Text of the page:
Wednesday, January 25, 2012

The Dark and the Light

This week, I visited Los Angeles Museum of the Holocaust.  Not to be confused with Museum of Tolerance (the educational unit of the Simon Wiesenthal Center located in West L.A.), Museum of the Holocaust is situated within Pan Pacific Park in the mid-city area of L.A.  It is reportedly the oldest Holocaust museum in the United States, yet I was clueless to the museum's existence, as well as that of Pan Pacific Park, prior to a couple weeks ago.
I arranged to meet my friend, RHS, at the museum, and we arrived as it opened.  The staff are courteous and offered us (without charge) the use of iPod Touch audio guides with accompanying headsets, necessary since all recorded presentations throughout the museum--including at the pc stations where one can listen to personal accounts from Holocaust survivors--are only audible via headsets.
The iPod guide also has a layout of the museum, which is planned to methodically guide the visitor through the historical timelines detailed in the exhibition. 
As we made our way through the hall, we were presented with historical excerpts, photos, and many authentic artifacts from Holocaust victims.  There are also Nazi artifacts on display.
Among the more interesting fixtures are the American newspaper imprints from the 1930s and 1940s which highlight reports hinting at the growing Nazi movement in Europe and the ever increasing social injustices towards certain classes of German citizens.  They are chilling portents of the greater atrocities to come.
The museum is not large, but it's very informative.  We took our time examining each informational panel, listening to different voices narrate passages and provide background to the images.  The photographs are moving and evocative and in many cases, frank and raw in their uncensored testimony.
The museum exterior is also impressive.  At the rear of the building, tall stone pillars commemorate the Holocaust.  Each pillar is marked by a key year and a short synopsis of that date's significance. 
Additionally, there are inscriptions etched into concrete walls, walkways, plaques, and benches which commemorate people and places of significance from the Holocaust.  Most noteworthy are inscriptions remembering and honoring victims on the exterior museum walls.
wall of remembrance
In total, we spent close to two hours at the museum.  We both found the museum's message to be very well presented.  The entire museum complex is a thoughtful, evocative monument to the Holocaust, and the exhibition and the museum layout create an unhurried, private experience for the visitor.

When we finally departed the museum, we drove over to West Hollywood for lunch.  My guidebook directed us to a couple of prospects on Melrose Avenue, and we finally settled for M Cafe de Chaya, an eatery that specializes in "contemporary macrobiotic cuisine."  The food was exceptionally good, fresh and flavorful and much better than I expected.  The cafe is a great find.
hummus&falafel wrap w/ side of kickass kale salad, sweet potato fries, and chopped salad
After lunch, I commented to RHS that we needed to end our day with something frivolous to counter the seriousness of the morning's excursion, so without telling her where we were headed, I made my way over to Whimsic Alley, the shop for all your wizardly needs.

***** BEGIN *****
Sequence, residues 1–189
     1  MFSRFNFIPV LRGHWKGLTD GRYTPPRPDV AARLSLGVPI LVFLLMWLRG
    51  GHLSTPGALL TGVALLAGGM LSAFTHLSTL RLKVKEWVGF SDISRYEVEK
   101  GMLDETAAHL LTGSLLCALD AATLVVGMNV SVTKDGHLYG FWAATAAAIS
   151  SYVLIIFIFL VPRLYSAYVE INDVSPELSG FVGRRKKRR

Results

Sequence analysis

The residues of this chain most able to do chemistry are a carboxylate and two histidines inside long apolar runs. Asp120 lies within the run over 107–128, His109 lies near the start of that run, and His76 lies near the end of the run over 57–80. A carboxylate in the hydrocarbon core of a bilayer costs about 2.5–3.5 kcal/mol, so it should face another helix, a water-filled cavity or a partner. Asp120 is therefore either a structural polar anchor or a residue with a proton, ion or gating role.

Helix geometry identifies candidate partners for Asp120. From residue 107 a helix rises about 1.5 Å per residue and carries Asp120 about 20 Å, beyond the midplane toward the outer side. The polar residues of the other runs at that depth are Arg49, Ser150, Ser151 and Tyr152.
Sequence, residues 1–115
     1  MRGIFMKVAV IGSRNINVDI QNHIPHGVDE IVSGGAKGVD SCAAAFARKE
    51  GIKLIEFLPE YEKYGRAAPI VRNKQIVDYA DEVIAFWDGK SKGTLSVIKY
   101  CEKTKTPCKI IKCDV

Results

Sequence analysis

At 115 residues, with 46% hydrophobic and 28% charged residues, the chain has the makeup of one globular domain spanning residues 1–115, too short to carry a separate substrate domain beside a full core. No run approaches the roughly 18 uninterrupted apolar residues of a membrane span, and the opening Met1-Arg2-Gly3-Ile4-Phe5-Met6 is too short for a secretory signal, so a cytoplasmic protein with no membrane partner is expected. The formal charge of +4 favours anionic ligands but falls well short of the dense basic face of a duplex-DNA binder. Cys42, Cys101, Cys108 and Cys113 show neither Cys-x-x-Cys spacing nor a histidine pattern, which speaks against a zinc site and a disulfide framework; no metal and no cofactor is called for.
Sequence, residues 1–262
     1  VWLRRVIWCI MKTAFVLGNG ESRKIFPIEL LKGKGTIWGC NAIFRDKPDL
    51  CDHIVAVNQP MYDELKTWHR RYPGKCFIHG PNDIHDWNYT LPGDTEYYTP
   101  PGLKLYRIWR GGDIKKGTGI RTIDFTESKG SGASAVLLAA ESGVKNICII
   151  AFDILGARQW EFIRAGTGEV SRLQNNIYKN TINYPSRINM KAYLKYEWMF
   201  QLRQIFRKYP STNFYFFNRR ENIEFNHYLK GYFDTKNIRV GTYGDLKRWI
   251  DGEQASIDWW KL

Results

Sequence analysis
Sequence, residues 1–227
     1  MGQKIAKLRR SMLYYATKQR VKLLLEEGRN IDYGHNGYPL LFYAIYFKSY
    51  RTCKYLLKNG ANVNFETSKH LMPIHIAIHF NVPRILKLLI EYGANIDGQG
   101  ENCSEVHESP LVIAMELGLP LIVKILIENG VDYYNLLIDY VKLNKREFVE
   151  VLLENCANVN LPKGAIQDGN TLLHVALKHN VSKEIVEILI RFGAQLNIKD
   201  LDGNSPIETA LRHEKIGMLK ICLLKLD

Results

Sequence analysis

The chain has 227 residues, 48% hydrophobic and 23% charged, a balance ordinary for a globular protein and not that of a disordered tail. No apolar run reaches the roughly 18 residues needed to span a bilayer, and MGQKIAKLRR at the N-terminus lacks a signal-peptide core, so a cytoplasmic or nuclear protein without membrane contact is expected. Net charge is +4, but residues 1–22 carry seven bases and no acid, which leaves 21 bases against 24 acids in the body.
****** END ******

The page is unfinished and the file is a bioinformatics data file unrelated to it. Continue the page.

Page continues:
RHS was surprised and delighted when she saw the theme of the store.  It was also my first time visiting Whimsic Alley, though I'd heard about it years ago and always meant to check it out.  I'm tickled I did--it's a pretty awesome place. 
RHS w/ quidditch player & Hermione
I banged my muggle head a few times trying to run thru the wall.
RHS and I are Harry Potter fans so it was fun to walk through the store and check out the cool merchandise.  The entire store is modeled after Diagon Alley, and the interior is sectioned off to mimic the shops in the fictional neighborhood, e.g. a broomstick store, a witch's accessory store, a wand store, etc.
potion store
Every witch must accessorize!
Which wand will choose me?
There is also a party room at the back of the store which one can rent.  There was a birthday party in full swing when we visited so we heard shrieking kids, and I spotted a Harry Potter lookalike roaming the place.  The atmosphere was very festive.  I was very amused.
We hung out at Whimsic Alley for about a half hour and then left to get back to Pan Pacific Park where RHS had parked her car.  Thankfully, I am not a hoarder of memorabilia so I was able to leave the store without purchasing anything.  RHS likewise didn't purchase anything, but no doubt she was planning out future birthday and Christmas presents for certain relatives.

It was an interesting day.  I'm glad to have discovered and visited Museum of the Holocaust.  I am curious to know how it differs or compares to Museum of Tolerance which I visited as a young student but about which I have no clear memory beyond that of the Holocaust survivor my class and I met that day who spoke hauntingly about her experience.  I'll be sure to visit Museum of Tolerance in the near future so that I can find out.


  1. I wonder if that is related to Chaya in Venice. I have been to neither museum. I find it is difficult for me sometimes, because I had years of learning about the Holocaust at religious school. But as was repeated often, we need to remember our history and not ignore it, so it cannot be denied.

    And I'm very sad that you didn't buy me any butter beer.

  2. I'll buy you butterbeer when you're in town; trying to ship glass bottles full of pressurized, fizzy liquid is only asking for trouble.